Best Way to Force Restart in Policy

Contributor III

I have a script that runs after an application is installed to alert users that they need to restart (and after 5 minutes it automatically restarts). I'm purposely using this over the built-in JSS Restart options because most software updates are done to lab computers and I don't want to have to go to each computer and click "OK" to allow the update.

#!/bin/bash -v


loggedInUser=$(stat -f%Su /dev/console)
echo $loggedInUser

#message information
msgprompthead="Software Restart Required"
msgrestart="This computer needs to restart to finish installation of the following application:


Please save any open files to external media. Restart will occur automatically in 5 minutes.

To restart immediately, please click Ok after closing all applications."

dialogicon="/Library/Application Support/JAMF/bin/"
jamfhelper="/Library/Application Support/JAMF/bin/"

restartprompt=$("${jamfhelper}" -windowType utility -heading "${msgprompthead}" -description "${msgrestart}" -icon "${dialogicon}" -button1 "Ok"  -defaultButton 1 -timeout 300)

sudo -u $loggedInUser pkill -u $loggedInUser
sudo -u $loggedInUser shutdown -r +1

exit 0

I initially had it without the pkill command, but found that the computers wouldn't restart if there was an app that hung (like Excel on an unsaved spreadsheet). Adding the pkill command does indeed end all running processes, but it also seems to cancel the script so that it doesn't proceed to the shutdown command.

I also tried reversing the commands so that shutdown ran before pkill (hoping that it would tell the computer to reboot in 1 minute and that while it was waiting that 1 minute the pkill command would run). I tried running the policy with an unsaved Excel spreadsheet open (I had clicked to close it so it had the popup window up asking if I wanted to save it), but all that happened was the screen went black (except for Excel) then Excel closed and a Microsoft Error Reporting screen came up and the computer didn't reboot.

Any ideas? I definitely don't want the computer to ask a user if they want to restart because I want the whole process to be unattended except for the warning messages (which should automatically close after a given time). Is there maybe a way to run the pkill command as written but tell it to exclude the script that the JSS is running?


Esteemed Contributor II

@el2493 If you're running this script from a Jamf Policy it's running as root, so not sure why you're trying to run the pkill and shutdown commands as the logged in user.

Contributor III

If I run the pkill command as straight sudo, it brings the computer back to the login screen and doesn't restart. Only by adding the -u $loggedInUser would it run as expected and kill the processes that were currently running.

I can't remember why I started doing the shutdown as the user, I thought at one point it was necessary but could be wrong on that.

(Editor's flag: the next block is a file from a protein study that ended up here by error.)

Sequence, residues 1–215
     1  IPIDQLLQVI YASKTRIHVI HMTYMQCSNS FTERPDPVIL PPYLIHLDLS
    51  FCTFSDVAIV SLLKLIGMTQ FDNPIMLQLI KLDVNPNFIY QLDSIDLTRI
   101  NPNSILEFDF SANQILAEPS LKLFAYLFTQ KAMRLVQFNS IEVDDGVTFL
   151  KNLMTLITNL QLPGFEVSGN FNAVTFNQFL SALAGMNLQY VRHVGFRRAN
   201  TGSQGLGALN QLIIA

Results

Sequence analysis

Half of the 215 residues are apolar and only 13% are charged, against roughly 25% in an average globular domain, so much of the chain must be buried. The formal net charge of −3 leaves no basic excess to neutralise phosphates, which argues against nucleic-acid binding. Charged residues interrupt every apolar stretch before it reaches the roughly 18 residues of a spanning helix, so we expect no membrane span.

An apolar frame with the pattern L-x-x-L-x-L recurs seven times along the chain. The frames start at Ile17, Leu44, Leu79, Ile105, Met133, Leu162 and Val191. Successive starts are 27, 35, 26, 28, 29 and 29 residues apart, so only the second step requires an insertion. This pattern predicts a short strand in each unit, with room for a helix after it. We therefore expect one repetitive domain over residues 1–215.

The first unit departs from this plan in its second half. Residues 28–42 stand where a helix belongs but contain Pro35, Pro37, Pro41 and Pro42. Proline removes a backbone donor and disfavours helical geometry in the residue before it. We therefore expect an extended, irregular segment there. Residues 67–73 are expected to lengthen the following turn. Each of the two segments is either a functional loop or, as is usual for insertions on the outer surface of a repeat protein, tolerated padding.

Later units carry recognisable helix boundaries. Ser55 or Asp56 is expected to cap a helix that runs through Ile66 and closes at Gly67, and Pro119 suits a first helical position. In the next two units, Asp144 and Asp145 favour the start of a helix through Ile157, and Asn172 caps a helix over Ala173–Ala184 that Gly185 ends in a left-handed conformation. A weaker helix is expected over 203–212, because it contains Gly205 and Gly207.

I'm testing replacing the pkill command with this, I'm far from an expert on this but in my mind it'll provide a list of process IDs (exempting Jamf) and then kill those processes:

nonJamfProc=$(ps axc | grep -v jamf | awk '{print $1}')

for proc in "${nonJamfProc[@]}"
    echo "Found non-Jamf running process with PID: ${proc}. Killing it..."
    kill $proc

Contributor III

The above command seems like it's overstepping; running it restarts the computer immediately (without waiting for the shutdown command) and does that thing where the policy still shows as "Pending" and the connection to the JSS is broken for a while.

Valued Contributor III

We just run the "shutdown -r now" command. I've never had to kill any processes when I do it that way.

I use a launchdaemon to spin off a restart timer, so the policy can finish and send logs to the JSS.

Esteemed Contributor II

What @alexjdale said - you really want to give the policy a chance to complete and report in.

Contributor III

@alexjdale interesting, I hadn't heard of using a launchdaemon for that purpose. What's involved with doing that?

I know it's important to allow policies to complete normally, which is why I had added the +1 to the shutdown command (in the past that or +2 had provided enough time for policies to finish running and report back to JSS). In this specific case the for proc in "${nonJamfProc[@]}" command strongarmed it, and I didn't intend to keep using it after finding that it did that.

Valued Contributor III

Here's an example of what I do:

Contributor III instead of the restart countdown occurring while the policy is still running (as part of the policy), you create a launchdaemon that triggers a script (which is also created by the initial script). Then the countdown runs after the policy is finished (thus giving the computer a chance to report back to the JSS).

Thanks for this alternate method, I'll look into using it going forward!